Ten undergraduate students from the faculties of Science and Health Sciences have been awarded the prestigious Michael G. DeGroote Institute for Infectious Disease Research (IIDR) Summer Student Fellowship, including our own Briony Lago (third from the right). This highly competitive fellowship, now in its fourth year and worth $1,000, is designed to support students working in the labs of IIDR members during their summer practicum, which runs from May to August. Briony Lago joined the lab as part of her McMaster Chemical Biology Co-Op program, working on our ‘Omic’ Responses & Inactivity in Aging project (a collaboration with colleagues in Kinesiology & Chemistry), our collaboration with Bates College on the role of Nfe2 in oxidative stress response during zebrafish development, and biocuration of our Comprehensive Antibiotic Resistance Database.
Congratulations to Kara Tsang and Zachary Lin on completion of their Biomedical Discovery and Commercialization (BDC) 4A15 thesis research! Both Kara & Zachary presented their research results at the 2016 BDC Engage Symposium.
Zachary Lin: Adapting Galaxy bioinformatics to outbreak- associated Clostridium difficile
Kara Tsang: The translation of biocuration to metagenomic analysis for combatting multi-drug resistant Pseudomonas aeruginosa
Arjun Sharma is a 2cd year Biochemistry & Biomedical Sciences student how as a volunteer designed and created the new AMR Forums! Learn more about Arjun’s project at ‘New online AMR forum is a valuable learning resource’ or visit the AMR Forums.
Combatting Antibiotic Resistance Using Surveillance – click on the image to watch the 10 minute video. More details here.
Briony Lago has joined the lab as part of her McMaster Chemical Biology Co-Op program. She will be working on our ‘Omic’ Responses & Inactivity in Aging project (a collaboration with colleagues in Kinesiology & Chemistry, see here) as well as our collaboration with Bates College on the role of Nfe2 in the oxidative stress response during zebrafish development (see here).
“I never expected a standing ovation. Especially considering that my message was “I see you.” But when I won a YWCA Hamilton Women of Distinction Award for my contributions to Science and Technology last April, that is exactly what happened.” Read the full editorial at the Hamilton Spectator.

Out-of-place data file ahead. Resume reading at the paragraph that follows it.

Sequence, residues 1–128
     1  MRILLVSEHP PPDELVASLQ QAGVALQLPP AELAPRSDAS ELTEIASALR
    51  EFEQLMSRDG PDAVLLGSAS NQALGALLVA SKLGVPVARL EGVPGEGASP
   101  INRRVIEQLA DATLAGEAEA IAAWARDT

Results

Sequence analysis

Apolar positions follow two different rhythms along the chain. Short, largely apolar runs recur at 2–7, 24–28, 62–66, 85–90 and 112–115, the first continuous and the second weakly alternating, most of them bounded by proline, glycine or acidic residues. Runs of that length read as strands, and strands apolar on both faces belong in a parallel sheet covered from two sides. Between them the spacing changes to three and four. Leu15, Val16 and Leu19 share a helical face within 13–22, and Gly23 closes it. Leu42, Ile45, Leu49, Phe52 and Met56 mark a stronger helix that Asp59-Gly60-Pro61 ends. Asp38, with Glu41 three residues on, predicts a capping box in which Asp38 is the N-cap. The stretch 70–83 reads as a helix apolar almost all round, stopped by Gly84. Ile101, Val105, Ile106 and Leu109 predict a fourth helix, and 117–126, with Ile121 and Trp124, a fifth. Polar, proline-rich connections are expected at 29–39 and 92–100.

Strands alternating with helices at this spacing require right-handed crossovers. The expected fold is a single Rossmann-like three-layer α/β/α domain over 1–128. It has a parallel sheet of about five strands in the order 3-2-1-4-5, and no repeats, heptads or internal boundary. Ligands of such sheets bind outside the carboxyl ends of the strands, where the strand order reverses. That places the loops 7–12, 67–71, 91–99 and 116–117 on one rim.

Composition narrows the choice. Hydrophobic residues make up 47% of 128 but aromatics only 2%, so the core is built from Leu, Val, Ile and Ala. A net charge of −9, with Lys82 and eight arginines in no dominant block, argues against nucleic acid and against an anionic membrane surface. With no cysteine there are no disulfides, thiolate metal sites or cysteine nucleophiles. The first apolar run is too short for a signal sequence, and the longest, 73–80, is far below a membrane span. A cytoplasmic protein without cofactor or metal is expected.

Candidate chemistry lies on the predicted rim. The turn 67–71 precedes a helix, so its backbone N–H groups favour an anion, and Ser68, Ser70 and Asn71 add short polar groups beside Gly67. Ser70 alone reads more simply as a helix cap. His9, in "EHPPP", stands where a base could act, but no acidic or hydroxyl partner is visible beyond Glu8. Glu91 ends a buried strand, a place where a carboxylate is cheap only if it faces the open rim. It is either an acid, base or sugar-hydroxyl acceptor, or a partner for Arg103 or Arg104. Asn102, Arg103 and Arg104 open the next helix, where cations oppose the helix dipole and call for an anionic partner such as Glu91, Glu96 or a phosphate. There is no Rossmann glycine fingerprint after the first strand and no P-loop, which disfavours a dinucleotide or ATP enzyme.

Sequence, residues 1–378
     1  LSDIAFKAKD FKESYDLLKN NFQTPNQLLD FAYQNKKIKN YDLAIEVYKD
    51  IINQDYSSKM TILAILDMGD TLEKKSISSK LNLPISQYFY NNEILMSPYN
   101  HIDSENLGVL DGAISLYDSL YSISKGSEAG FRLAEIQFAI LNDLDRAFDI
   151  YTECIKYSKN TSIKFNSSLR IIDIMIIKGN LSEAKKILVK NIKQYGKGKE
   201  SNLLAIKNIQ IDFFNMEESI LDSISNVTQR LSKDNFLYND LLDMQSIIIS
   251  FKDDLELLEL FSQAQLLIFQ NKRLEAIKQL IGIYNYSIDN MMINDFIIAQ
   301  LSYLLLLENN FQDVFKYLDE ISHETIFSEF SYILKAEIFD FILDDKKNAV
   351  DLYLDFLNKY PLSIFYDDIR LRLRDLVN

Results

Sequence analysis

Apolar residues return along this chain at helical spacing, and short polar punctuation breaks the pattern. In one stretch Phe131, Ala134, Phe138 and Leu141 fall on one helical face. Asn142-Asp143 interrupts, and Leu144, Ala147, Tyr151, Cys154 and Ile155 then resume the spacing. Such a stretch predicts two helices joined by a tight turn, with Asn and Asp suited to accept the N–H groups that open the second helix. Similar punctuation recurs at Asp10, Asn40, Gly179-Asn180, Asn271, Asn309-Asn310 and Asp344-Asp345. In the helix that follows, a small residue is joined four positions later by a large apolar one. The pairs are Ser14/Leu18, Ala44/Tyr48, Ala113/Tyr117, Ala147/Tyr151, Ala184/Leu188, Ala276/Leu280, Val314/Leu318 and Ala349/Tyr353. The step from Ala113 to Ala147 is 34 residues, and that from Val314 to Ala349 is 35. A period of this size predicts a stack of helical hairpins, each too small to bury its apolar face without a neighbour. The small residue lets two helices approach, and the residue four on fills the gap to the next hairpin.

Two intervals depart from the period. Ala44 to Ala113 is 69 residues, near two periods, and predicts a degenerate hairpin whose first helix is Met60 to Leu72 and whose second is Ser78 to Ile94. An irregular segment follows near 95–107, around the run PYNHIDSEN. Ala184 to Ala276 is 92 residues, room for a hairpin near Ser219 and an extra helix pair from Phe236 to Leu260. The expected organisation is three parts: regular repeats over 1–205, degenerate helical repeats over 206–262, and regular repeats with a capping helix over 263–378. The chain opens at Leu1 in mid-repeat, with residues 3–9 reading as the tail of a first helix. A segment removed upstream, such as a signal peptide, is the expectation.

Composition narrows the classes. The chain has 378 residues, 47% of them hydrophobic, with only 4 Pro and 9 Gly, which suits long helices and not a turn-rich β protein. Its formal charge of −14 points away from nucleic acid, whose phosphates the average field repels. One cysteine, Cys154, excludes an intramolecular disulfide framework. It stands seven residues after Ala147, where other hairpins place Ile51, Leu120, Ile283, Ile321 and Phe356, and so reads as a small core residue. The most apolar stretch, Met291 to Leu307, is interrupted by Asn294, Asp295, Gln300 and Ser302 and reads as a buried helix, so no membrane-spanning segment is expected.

The completion of the human genome project in 2001 sparked the beginning of a sequencing revolution with applications that are only now being realized by researchers. The decreasing cost of DNA sequencing has ignited a continuous generation of genomic data with a limited number of researchers able to manipulate the output. Consequentially the demand to examine this genetic information has forced bioinformaticians to improve the analytical tools involved in sequence analysis. Galaxy is a user-friendly analytical platform where researchers without a computational background can navigate their way through an investigation and use various analytical tools and workflows to assist them with their genomic research (1). Galaxy enables the addition of novel software into the environment by individual users to fill in the gaps of tools that haven’t been created by the Galaxy team. This project will focus on a particular analytical gap concerning tools related to antibiotic resistance, phylogenetics, and bacterial virulence. Currently, the proposed software to be adapted to the galaxy setting includes a resistance gene identifier (RGI) associated with the comprehensive antibiotic resistance database (CARD) (2), a single nucleotide polymorphism identifier (BANSP) , and novel virulence factor identification software associated with the virulence factor database (VFDB) (3). The combination of Galaxy’s existing ToolShed and these unique additions will create a comprehensive analytical environment that can be applied to realistic situations. One such situation that this project will concentrate on refers specifically to the outbreaks of Clostridium difficile (C. diff) in the health care system.
The loss of effective antimicrobials is reducing the ability to protect the global population from infectious diseases, leading to profound impacts on the healthcare system, international trade, agriculture, and environment. The field of antibiotic drug discovery and the monitoring of the dynamic and new antibiotic resistance elements have yet to fully exploit the power of the genome revolution. The curation and directed development of the Comprehensive Antibiotic Database (CARD) will advance the understanding of the genetics, genomics, and threat severity of antibiotic resistance, while simultaneously improving its ability to accurately predict and screen for antibiotic resistance genes within raw genomes. Strategically advancing the Antibiotic Resistance Ontology (ARO), the unique organizing principle of the CARD, allows the value of big data in disparate realms of research to be used and understood by the multidisciplinary efforts working to combat the emergence and prevalence of the ESKAPE pathogens, a critical driving force of the global health crisis.